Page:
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We discussed senior loneliness back in December as the holidays were upon us. Being alone becomes glaringly obvious when everyone around us is gathering with their circles and we may not have the community we once had. Loneliness can negatively impact physical and mental health. Aging adults may feel like a burden to younger loved ones, leading them to isolation. Their spouses/partners and acquaintances may no longer be mobile or healthy enough to visit. Or they may have passed away. Isolation can lead to mental and cognitive decline. February, in all of its hearts and flowers and love glory is one of those seasons that illuminates loneliness. It doesn’t have to be that way, though.
What if we made an effort to write down the people in our current life who we would like to know better, and then made small steps toward friendship. When I want to be intentional about friendship with someone, I let that person know I’m thinking about them with regular communication. That can be through a quick text, phone call, email, or sending a letter or card. It doesn’t need to be long or detailed. Just checking in to say hello and show you care. Sometimes it takes a little more bravery, like asking someone to get coffee or go on a walk with me. Taking the initiative in making friends or developing existing friendships can be intimidating, but remember that isolation is an enemy to our wellness. Strength does come in numbers. Even a single good friendship is valuable.
Another way to step out of isolation is volunteering. Senior Corps is an organization offering many various volunteer options.
- Senior Companions are volunteers 55 and older who offer assistance and friendship to other seniors. They help with daily living tasks.
- Another option is becoming a Foster Grandparent volunteer. This program allows seniors to serve the youth in their local community through friendship and mentoring.
- The third option I want to mention is called RSVP. This diverse serving opportunity allows seniors to use their skills and/or develop new skills while helping their communities. A few examples of opportunities include organizing neighborhood watch programs, renovating homes, teaching English, etc.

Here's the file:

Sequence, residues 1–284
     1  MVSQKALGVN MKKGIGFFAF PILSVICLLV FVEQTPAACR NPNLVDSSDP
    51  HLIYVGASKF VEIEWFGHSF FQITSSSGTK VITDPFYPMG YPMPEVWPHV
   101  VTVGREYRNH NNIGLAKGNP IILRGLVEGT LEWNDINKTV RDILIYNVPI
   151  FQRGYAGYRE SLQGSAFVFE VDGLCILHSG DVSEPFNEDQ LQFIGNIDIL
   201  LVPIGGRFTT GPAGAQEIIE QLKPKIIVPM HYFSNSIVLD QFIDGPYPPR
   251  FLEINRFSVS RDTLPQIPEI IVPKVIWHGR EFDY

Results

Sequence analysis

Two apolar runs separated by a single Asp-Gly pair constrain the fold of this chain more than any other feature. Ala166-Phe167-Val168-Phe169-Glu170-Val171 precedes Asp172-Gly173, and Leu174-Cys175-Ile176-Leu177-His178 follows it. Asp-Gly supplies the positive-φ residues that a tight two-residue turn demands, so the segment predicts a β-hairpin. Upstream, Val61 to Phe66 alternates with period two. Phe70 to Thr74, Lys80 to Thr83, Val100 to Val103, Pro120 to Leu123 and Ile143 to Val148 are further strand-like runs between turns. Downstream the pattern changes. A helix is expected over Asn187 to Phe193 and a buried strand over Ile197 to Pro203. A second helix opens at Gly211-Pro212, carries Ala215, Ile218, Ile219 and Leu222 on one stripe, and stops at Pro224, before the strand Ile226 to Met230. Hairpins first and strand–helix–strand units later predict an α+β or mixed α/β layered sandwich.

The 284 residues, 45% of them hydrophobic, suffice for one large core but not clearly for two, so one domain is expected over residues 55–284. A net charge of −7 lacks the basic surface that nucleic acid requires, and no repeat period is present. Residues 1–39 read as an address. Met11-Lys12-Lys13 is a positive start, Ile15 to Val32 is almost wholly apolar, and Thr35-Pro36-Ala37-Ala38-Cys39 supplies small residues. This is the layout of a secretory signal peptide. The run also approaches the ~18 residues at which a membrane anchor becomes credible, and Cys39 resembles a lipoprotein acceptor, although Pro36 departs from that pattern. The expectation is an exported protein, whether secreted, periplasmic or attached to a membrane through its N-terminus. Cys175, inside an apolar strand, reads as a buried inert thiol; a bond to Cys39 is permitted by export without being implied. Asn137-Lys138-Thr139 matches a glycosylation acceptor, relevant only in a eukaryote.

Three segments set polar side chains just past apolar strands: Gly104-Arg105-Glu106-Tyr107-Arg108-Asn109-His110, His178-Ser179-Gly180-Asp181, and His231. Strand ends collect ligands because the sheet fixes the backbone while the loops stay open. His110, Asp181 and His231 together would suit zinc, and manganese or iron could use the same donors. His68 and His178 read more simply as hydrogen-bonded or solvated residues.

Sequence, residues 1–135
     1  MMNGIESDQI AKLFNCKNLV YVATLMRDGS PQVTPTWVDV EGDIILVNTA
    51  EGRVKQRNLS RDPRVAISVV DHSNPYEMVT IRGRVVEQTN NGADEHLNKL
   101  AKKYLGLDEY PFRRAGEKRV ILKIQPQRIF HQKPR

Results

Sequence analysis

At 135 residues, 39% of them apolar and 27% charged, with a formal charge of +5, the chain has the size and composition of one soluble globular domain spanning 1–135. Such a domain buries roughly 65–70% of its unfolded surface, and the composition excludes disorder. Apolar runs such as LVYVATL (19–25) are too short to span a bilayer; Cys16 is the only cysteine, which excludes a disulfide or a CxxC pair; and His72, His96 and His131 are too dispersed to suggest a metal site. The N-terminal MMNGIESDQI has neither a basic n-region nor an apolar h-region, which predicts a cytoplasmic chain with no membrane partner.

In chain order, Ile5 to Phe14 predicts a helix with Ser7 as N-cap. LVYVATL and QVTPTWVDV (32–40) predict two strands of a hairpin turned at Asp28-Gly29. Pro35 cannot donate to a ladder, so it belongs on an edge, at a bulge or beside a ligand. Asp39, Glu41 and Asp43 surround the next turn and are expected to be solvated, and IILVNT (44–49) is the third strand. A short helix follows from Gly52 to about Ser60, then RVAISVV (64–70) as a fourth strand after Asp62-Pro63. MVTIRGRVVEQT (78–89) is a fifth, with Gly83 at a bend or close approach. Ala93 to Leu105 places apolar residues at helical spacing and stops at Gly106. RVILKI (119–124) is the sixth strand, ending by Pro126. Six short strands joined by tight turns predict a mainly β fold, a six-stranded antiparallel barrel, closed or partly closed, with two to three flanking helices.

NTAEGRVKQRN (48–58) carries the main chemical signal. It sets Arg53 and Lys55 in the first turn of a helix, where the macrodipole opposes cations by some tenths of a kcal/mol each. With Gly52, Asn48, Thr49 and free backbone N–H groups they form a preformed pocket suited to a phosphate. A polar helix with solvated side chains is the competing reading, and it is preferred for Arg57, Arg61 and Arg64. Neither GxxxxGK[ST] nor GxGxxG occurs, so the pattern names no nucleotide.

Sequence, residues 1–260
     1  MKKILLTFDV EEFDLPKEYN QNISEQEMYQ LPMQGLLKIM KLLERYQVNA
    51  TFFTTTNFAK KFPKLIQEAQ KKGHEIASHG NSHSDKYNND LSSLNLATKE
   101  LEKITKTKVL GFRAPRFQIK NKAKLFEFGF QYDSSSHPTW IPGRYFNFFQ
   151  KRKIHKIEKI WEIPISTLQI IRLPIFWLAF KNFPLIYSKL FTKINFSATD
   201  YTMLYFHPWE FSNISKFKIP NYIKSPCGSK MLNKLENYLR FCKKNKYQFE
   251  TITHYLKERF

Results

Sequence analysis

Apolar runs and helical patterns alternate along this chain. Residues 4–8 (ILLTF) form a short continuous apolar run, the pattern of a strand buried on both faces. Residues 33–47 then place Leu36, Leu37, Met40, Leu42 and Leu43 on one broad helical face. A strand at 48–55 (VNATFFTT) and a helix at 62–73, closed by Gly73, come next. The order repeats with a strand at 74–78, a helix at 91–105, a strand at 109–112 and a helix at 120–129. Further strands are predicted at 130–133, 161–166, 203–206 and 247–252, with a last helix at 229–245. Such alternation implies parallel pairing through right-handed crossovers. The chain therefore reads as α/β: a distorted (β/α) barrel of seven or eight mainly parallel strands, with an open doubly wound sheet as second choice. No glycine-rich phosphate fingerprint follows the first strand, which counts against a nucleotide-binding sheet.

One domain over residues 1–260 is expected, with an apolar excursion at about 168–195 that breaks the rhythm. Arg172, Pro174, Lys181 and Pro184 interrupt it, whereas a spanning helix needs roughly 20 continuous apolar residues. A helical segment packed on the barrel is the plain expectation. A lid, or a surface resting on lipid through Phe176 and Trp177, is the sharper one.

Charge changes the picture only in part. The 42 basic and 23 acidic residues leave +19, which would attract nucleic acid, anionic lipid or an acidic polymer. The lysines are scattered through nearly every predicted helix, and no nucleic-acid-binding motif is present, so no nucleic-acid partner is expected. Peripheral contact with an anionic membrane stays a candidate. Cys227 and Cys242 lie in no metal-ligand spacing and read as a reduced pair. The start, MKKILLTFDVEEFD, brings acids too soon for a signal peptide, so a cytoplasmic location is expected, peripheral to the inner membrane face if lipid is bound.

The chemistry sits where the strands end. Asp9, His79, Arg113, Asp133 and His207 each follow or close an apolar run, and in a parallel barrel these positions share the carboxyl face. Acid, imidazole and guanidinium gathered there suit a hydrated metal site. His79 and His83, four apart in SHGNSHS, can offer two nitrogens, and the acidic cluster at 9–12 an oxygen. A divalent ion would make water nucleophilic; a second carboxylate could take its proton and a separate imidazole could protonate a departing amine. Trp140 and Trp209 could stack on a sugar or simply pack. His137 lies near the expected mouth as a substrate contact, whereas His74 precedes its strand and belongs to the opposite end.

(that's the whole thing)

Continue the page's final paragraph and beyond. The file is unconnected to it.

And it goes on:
Friendship can happen organically, but we can’t always wait for friends to come to us. We must be proactive. Even if you are no longer able to leave your home there are still options for friendship, such as letter writing and phone calls. And it may be time to request one of those senior companion volunteers for yourself. Dale Carnegie said, “You can make more friends in two months by becoming interested in other people than you can in two years by trying to get other people interested in you.” Let’s tell the world we want to be friends and see how it responds to us. Be well as you develop meaningful friendships.
DISCLAIMER: This article contains information that is intended to help the readers be better informed regarding exercise and health care. It is presented as general advice on health care. Always consult your doctor for your individual needs. Before beginning any new exercise program it is recommended that you seek medical advice from your personal physician. This article is not intended to be a substitute for the medical advice of a licensed physician. The reader should consult with their doctor in any matters relating to his/her health.